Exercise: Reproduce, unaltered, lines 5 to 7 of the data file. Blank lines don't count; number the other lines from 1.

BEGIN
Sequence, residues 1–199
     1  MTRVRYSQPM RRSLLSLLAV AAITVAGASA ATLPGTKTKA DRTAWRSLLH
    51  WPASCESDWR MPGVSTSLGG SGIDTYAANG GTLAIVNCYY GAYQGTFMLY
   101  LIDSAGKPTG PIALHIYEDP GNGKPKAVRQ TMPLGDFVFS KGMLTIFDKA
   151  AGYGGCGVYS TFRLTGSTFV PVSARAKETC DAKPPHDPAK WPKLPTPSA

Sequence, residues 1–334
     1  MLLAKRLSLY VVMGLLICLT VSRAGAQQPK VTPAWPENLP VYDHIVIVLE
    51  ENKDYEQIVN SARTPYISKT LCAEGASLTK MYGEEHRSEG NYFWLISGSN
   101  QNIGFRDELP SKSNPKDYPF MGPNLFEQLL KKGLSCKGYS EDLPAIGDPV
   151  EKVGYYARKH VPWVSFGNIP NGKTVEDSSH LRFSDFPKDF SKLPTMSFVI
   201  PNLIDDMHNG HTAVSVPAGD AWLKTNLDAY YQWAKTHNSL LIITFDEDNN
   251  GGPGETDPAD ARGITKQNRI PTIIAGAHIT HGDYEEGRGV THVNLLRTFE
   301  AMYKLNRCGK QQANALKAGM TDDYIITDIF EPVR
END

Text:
   151  AGYGGCGVYS TFRLTGSTFV PVSARAKETC DAKPPHDPAK WPKLPTPSA

Sequence, residues 1–334
     1  MLLAKRLSLY VVMGLLICLT VSRAGAQQPK VTPAWPENLP VYDHIVIVLE